This article is an abstract and hypothetical exploration of the far-flung future. Although it’s fantastical and based on my imagination, articulating my thoughts on this subject has broadened my perspective of the Baha’i Faith’s current state, given me a newfound appreciation for the significance of the times we are living in, and heightened my appreciation for the past. I hope you enjoy this exploration of the possibility of unity that extends beyond Earth into interplanetary federations and that it helps you ponder our collective future. Continue reading
George Ronald, as part of its Baha’i Studies series, has released a book titled The Concept of Peace in the Baha’i Faith by Miguel Santesteban Gil. In this book, Miguel analyzes texts of Baha’u’llah, Abdu’l-Baha and Soghi Effendi to understand a common element of unity, justice and peace. To quote the book’s blurb: “The study explores the logical, anthropological and ethical extensions of the key theme of peace as it moved from one stage to another in the development of a young religion heavily invested in the world.”
Miguel Santesteban Gil very kindly agreed to tell us about his latest publication. Here’s what he shared with us:
Baha’i Blog: Can you tell us a little about yourself?
I was a born when the reverberations of the Spanish Civil War were sufficiently fresh to cast an ominous shadow in most of the family conversations we used to have at home, in Spain. I grew as a youth when the Cold War was at its peak. I well remember the articles my father used to read about the space race and the explanation he gave me once when I asked what it mean “not apt for irreconcilable ones,” a phrase I saw at the head of a magazine on the civil war. Living under a dictatorship schooled me in recognizing some of the evils of the twentieth century; but my inventory of ideas came to an abrupt widening when I first came across the Baha’i Faith at the age of 14. I became a Baha’i at 17, largely the result of many favourable circumstances, including the arrival in the intervening years of two Iranian Baha’i families that settled in Pamplona and acted as my spiritual family. I read widely, Baha’i texts as well as religious and cultural history books, and some philosophy of history. I met my wife, Elham Sami, at a Baha’i Youth School. She spoke Portuguese, which was enough to understand each other. We married in Melbourne and had three boys, two of them already married. We have a lovely grand-daughter, Alaia (happy in the Basque language), and another grandchild is on its way.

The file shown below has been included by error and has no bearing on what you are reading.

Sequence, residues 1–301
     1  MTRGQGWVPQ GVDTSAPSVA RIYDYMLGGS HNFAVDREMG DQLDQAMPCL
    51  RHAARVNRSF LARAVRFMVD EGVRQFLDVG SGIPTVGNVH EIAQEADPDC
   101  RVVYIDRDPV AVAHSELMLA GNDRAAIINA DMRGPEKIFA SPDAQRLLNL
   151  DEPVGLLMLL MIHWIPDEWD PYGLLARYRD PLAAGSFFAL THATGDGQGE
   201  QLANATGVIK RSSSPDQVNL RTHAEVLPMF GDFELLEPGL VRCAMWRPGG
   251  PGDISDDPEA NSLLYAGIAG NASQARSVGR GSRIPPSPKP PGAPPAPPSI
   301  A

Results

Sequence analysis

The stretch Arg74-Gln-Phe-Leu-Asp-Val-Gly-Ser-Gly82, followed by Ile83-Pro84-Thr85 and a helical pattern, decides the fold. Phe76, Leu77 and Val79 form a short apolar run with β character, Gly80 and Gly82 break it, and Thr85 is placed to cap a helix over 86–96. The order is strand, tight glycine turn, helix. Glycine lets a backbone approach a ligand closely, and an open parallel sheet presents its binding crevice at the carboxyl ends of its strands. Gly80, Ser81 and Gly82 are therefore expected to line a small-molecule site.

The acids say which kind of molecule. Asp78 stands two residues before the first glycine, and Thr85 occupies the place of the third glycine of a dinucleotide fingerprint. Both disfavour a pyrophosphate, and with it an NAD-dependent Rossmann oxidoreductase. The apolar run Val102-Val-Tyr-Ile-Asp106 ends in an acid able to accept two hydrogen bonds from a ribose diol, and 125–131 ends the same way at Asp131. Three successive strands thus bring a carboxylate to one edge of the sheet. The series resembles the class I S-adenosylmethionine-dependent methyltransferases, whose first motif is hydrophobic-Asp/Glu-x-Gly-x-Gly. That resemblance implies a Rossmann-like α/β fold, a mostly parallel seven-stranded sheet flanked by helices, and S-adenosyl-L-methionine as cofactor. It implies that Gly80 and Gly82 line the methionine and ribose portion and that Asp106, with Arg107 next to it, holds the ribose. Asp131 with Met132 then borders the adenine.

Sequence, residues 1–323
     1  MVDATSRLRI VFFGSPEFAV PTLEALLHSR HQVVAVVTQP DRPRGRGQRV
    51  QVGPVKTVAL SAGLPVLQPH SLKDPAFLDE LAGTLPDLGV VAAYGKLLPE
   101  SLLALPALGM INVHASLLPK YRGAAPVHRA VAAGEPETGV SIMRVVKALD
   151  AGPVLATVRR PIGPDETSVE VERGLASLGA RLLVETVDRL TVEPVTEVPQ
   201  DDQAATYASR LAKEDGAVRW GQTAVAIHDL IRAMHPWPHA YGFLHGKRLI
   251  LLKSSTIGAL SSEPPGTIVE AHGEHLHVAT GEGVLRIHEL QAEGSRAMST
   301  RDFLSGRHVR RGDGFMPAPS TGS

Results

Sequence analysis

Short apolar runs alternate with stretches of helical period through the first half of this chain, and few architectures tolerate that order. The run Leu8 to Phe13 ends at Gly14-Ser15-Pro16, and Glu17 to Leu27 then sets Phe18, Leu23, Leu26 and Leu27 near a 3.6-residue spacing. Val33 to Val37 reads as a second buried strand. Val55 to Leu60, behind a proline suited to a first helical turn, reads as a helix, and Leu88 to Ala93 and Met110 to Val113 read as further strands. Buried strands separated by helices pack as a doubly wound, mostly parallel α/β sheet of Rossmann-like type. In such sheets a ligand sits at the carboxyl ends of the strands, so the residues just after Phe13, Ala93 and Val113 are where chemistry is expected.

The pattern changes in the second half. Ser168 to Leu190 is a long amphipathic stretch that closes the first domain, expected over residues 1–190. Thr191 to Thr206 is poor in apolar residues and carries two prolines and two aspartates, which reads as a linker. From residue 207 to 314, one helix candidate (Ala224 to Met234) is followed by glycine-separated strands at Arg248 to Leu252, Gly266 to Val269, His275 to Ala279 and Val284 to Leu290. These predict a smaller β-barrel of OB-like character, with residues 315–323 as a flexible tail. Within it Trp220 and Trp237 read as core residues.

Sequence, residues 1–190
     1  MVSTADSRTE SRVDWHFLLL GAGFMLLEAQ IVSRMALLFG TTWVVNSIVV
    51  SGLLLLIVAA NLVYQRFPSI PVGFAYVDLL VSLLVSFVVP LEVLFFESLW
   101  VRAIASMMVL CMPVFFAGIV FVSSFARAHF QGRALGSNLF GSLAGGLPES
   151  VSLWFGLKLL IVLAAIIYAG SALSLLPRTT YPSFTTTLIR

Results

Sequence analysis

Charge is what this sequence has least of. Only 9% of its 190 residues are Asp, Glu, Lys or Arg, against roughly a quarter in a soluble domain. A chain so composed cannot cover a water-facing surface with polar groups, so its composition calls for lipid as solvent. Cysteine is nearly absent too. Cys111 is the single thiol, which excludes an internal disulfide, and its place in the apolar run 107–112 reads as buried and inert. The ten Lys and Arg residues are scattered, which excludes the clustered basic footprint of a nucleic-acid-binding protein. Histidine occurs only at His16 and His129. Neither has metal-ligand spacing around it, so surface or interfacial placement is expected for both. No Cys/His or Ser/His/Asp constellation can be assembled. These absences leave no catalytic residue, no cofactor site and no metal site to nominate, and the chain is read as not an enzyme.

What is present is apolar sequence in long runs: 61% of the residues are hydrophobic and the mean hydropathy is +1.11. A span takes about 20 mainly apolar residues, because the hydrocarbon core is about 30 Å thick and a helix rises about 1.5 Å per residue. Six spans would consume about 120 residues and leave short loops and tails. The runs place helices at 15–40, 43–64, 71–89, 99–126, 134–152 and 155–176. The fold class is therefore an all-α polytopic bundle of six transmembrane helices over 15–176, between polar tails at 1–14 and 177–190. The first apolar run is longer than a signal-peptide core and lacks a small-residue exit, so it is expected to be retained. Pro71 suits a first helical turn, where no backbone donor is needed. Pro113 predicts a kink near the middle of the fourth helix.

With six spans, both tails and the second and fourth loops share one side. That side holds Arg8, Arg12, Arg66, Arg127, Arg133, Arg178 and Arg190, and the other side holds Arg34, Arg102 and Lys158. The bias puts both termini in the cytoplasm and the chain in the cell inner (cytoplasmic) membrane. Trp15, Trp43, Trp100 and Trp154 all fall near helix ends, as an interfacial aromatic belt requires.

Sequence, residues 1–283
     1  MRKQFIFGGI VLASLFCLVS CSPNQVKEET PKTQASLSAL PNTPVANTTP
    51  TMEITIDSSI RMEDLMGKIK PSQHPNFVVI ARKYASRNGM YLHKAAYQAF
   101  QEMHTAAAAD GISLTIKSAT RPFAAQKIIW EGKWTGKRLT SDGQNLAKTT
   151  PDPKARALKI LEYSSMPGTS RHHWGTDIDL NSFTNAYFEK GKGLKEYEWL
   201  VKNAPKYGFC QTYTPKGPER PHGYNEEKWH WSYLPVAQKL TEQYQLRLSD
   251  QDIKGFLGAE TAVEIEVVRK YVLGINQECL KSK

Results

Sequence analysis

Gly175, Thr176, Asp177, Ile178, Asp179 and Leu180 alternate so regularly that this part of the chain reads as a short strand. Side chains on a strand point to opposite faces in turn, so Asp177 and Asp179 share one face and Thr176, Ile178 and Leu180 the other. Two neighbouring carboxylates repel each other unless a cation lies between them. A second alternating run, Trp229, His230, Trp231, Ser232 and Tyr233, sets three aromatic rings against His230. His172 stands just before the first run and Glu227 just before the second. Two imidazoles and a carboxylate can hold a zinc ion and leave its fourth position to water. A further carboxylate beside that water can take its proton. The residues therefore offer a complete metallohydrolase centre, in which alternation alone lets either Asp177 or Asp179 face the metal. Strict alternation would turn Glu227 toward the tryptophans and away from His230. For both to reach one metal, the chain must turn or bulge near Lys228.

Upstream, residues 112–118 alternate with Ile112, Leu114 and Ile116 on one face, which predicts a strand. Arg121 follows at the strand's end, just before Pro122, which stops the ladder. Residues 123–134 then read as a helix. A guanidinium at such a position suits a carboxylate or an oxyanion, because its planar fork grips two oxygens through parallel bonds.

Monette Van Lith has put together a workbook for assisting families called Family Matters: Filling Your Home with Purpose and Love. The workbook and its exercises are designed to help family members connect and bond, and to create an environment where everyone can thrive. Doesn’t that sound wonderful?
Monette very graciously agreed to tell us about her workbook and here’s what she shared with us:
Baha’i Blog: Can you tell us a little about yourself?
Thank you for this opportunity to share a little bit about the Family Matters workbook and the work I do. I am a certified life coach and I work with parents who want to level-up their parenting and family life. Parents also come to me when they’re feeling overwhelmed or depleted. Using a very effective coaching model, my clients discover how to reconnect with their inner joy and purpose. I offer both one-on-one and group coaching.
In my previous career I worked at various United Nations Programs in East and West Africa, and in New York at UNICEF and the World Health Organization.
Going back to my origins, I was born in the Netherlands, grew up in Suriname, and returned to Europe to attend university. I’ve enjoyed living and working in different parts of the world and am currently based just outside of Boston, in the US.
Our family loves Melissa Charepoo’s books and her latest title, We Are One, is a gem. Centred on the theme of the oneness of humanity, this book (available in both English and Spanish) will help instil in the hearts of even the youngest children this unifying fundamental principle of the Baha’i Faith.
Melissa, gracious as ever, agreed to tell us a little about this book. We hope you enjoy our conversation:
Baha’i Blog: Can you tell us about what inspired you to write this book and how it differs from the other wonderful books for children that you’ve written? Why was writing this book important and meaningful to you?
As I write this rain is pattering against the window above my desk. Outside, a tree that has been covered in brilliant yellow leaves for the past couple of weeks is in transition—the topmost branches are already bare. A slow but steady release is happening lower down, and the bottom is still blazing colour against the slate grey sky. Around me the world is in a season of radical transformation. We’ve come to a point where none of us can avoid the truth that individual wellbeing is inseparably connected to the wellbeing of all. Personally, the physical separation from those I love, coupled with a heightened awareness of the brevity of this earthly life is making me ask myself bigger questions than I had been previously. Three that come up for me a lot are: What is God’s Will for humanity? How do I align my life’s purpose with the Will of God? And what specific capacities can I strengthen in myself right now that will help me to better serve the needs of humanity at this pivotal time? Continue reading